“Chappaquiddick”

“Chappaquiddick” is a good film that humanizes a tragedy and somehow balances privilege and commonality. It is not cavalier with the facts, nor is it overly judgmental. The opening picture of the Kennedy family sets the stage for our understanding of  familiar expectations and personal identity psychology. The tragic drowning of Mary Jo Kopechne is not as illuminated as it is seen as a reminder of the moral underpinnings of the soul.

Actor Jason Clarke plays Senator Edward Kennedy and Kate Mara portrays Mary Jo, the idealistic staffer of his brother Bobby. The “boiler room  girls” are invited to the traditional Martha’s Vineyard  end-of-campaign-cabin party. Drinking plays a big part and a wrong swerve ends with Kennedy and Kopechne submerged  upside-down in Poucha  Pond. Kopechne does not survive. Anyone of voting age in the seventies remembers the scandal. For those younger, the history is as dramatic and tragic as Arthur Miller’s “ Death of a Salesman”. Truths are scrambled and emotions of guilt and identity roil.

While screenwriters Taylor Allen and Andrew Logan point to privilege in the film as an essential thrust, the conflict becomes more of one of  conscience and identity, the common man’s ride, too.

Clarke does an admirable job in showing Kennedy’s self-deluding calm as he tries to shift reality. Clarke’s hairline and eyes resemble Ted Kennedy’s, but I wish make-up artists would have used prosthetics to widen his jaw, like they did for Gary Oldham in the award-winning “The Darkest Hour”.  Jason Clarke’s Bostonian accent is good and not overdone.

The major dramatic conflict centers on cousin, Joe Gargan ( Ed Helms), who pushes the Senator toward his conscience ;and, the elderly patriarch Joseph Kennedy ( Bruce Dern), who counsels with the gruff and amoral croak,  “alibi”.

It is this Kennedy that loses the most stature in                    “ Chappaquiddick”. Even aged and stroke-damaged, this patriarch’s  callous and high-powered “ the end justifies the means” philosophy does not support the family’s interest, but his own. He looks bad, and we wonder, “ Where is his wife, Rose?”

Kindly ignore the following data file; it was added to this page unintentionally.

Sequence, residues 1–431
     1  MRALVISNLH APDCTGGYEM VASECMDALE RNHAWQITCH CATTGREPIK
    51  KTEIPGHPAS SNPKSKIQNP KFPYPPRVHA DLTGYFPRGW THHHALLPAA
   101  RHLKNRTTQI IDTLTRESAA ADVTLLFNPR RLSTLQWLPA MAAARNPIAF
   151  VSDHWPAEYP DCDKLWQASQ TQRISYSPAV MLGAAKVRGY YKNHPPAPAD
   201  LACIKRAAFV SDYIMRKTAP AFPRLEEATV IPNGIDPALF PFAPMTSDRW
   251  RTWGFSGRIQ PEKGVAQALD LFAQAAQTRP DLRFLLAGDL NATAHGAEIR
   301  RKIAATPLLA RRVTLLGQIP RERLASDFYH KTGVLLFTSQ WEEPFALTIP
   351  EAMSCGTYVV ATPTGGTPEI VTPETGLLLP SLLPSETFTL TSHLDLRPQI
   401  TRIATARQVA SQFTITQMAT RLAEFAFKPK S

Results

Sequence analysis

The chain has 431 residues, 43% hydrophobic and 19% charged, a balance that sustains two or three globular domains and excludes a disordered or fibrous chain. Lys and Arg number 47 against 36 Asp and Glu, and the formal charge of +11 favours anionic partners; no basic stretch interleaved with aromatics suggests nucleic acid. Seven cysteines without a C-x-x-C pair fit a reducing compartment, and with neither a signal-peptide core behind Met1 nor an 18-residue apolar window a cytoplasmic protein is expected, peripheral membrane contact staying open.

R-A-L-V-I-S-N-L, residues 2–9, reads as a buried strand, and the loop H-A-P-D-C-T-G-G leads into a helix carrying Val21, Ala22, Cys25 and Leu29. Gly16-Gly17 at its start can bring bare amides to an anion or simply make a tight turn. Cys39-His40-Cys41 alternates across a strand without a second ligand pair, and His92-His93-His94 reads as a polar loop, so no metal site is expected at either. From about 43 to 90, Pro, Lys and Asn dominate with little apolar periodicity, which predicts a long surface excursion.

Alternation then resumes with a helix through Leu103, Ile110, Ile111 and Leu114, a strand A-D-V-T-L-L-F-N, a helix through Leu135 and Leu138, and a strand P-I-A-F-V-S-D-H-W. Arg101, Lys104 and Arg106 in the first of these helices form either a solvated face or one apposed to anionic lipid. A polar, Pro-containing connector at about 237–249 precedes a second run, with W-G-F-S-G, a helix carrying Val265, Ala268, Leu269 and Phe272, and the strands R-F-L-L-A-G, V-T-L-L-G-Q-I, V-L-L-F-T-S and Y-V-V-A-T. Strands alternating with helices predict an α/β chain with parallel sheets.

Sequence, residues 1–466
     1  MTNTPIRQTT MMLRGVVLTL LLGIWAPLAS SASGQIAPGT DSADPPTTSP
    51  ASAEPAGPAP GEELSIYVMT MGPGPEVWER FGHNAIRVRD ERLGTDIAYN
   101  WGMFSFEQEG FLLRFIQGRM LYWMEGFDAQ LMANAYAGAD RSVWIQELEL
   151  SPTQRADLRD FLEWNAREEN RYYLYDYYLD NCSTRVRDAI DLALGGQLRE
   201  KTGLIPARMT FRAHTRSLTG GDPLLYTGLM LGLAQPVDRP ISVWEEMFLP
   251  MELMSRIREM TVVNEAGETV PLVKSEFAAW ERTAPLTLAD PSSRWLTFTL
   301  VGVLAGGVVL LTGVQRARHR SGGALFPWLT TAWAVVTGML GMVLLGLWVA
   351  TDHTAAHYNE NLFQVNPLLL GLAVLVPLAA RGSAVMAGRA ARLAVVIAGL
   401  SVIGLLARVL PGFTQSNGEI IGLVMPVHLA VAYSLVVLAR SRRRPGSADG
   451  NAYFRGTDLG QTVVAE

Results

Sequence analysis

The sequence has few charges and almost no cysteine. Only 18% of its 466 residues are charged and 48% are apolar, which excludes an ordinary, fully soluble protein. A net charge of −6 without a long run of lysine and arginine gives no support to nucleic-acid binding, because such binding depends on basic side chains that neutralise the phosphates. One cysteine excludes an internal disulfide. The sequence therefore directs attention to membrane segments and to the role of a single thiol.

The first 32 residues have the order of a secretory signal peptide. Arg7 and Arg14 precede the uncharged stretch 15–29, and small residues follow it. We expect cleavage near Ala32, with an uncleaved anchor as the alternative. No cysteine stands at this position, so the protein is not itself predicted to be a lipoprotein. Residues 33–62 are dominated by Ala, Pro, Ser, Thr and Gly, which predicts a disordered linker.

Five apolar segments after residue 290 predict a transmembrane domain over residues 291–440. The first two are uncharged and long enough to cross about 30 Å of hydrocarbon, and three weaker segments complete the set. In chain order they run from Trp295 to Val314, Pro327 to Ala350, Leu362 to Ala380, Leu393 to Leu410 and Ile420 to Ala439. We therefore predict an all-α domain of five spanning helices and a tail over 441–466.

Ted’s father’s admonition of Ted in being able to choose his own life path was chilling: “ Lead a serious life or a non-serious one. You can choose, but I won’t have much time for you if you choose the latter.” We can understand why Edward Kennedy wished to report that he swam back to the mainland rather than rowed back with his two friends.

The scenes where the Senator seems aghast that having a valid driver’s license is important points to privileged naiveté. The scene where Ted attempts to fault his cohorts     for not reporting the accident are gasp worthy, yet privilege has its down side, too. The pressure of “living in the long shadows” of his brothers is palpable in the Roger Mudd interview scene.

The father-son tension is extreme. The need for his father’s approval intense. Ted’s own small son’s rhetorical question, “ Uncle Jack can do anything, can’t he Dad!” was heart piercing.

Director John Curran builds the film’s tension by letting Clarke indulge in the slow pull and release of a man conflicted. Service to self, family, and God are strong currents that can rip.

I had forgotten that the Apollo landing and Neil Armstrong’s moon walk shared the 1969 headlines with the infamous Edgartown one. Seeing Ted’s buddies, Joe Gargan and Paul Markham, stripe to their skivvies, jump into the dark water and try to open the submerged car’s doors is reminiscent of a teenage nightmare. When cousin Joe says, “ Call your mom. Don’t let her find out about another tragedy in the news,” we wonder how old these men are.

Too late to be rescued, Mary Jo is seen mouthing the “ Our Father “ in three inches of trapped air in the Kennedy black 1967 Olds. This flashback is effective and haunting.

The high-powered lawyer team confiring and developing a public relations story is both infuriating and prescient. The logic, loyalty, and humor are cynically wrapped in a three-minute session at Hyannis. Wife Joan attends Mary Jo’s funeral with Ted, while Ted dons an unneeded neck brace. The theatrics aside, the fact is made  that if Mr. and Mrs. Kopechne do not blame Ted, then neither should America.

The final boyhood bedroom scene with father and son is for the stage, and I think a tad over the top. I feel the same about the face slap episode. A father taunting a son with “ you will never be great” is never effective or pretty. Ted’s response that his brothers were great because of who they were, not because of who you are seems like simplistic overkill.

Joe Gargan died at 87 a few months ago, estranged from the Kennedys.  Though the film shows some hints of jealousy when it comes to his cousin Ted, it is Joe Gargan’s moral strength that shines in this film. Helms is great as the guide, who is ultimately disappointed by Ted’s slow acceptance of responsibility. Gargan’s outrage is shown in the lines, “ we all have flaws. Moses had flaws, a temper, but he never left a girl at the bottom of the Red Sea.” Like Willy Loman’s friend and neighbor Charley , he does his best to pay needful attention. Edward  Kennedy was a lion in the Senate, but he is made more human by being seen as an Arthur Miller mesh of Willy, Biff, and Happy: deluded, flawed, and longing to escape.

“Isle of Dogs”

Wes Anderson’s animated adventure trek is full of dry wit and laugh-out -loud deadpan humor. It is an up-dated version of a 12 year-old boy searching for his lost dog. The boy, Atari, happens to be Japanese and his savior-in-kind an American foreign exchange student named Tracy Walker ( Greta Gerwig’s voice).